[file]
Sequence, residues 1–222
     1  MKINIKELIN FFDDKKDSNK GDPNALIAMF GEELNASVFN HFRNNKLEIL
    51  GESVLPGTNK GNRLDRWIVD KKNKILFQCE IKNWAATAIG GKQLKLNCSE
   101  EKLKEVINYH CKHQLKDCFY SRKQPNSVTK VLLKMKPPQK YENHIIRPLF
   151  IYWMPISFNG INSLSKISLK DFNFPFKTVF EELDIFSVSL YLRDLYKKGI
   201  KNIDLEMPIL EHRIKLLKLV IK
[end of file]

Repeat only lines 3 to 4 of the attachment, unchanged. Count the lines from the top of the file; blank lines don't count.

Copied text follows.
    51  GESVLPGTNK GNRLDRWIVD KKNKILFQCE IKNWAATAIG GKQLKLNCSE
   101  EKLKEVINYH CKHQLKDCFY SRKQPNSVTK VLLKMKPPQK YENHIIRPLF